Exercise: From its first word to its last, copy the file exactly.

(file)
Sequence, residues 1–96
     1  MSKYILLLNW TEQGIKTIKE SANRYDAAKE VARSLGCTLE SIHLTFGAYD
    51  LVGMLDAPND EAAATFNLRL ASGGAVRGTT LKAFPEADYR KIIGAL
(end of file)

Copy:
Sequence, residues 1–96
     1  MSKYILLLNW TEQGIKTIKE SANRYDAAKE VARSLGCTLE SIHLTFGAYD
    51  LVGMLDAPND EAAATFNLRL ASGGAVRGTT LKAFPEADYR KIIGAL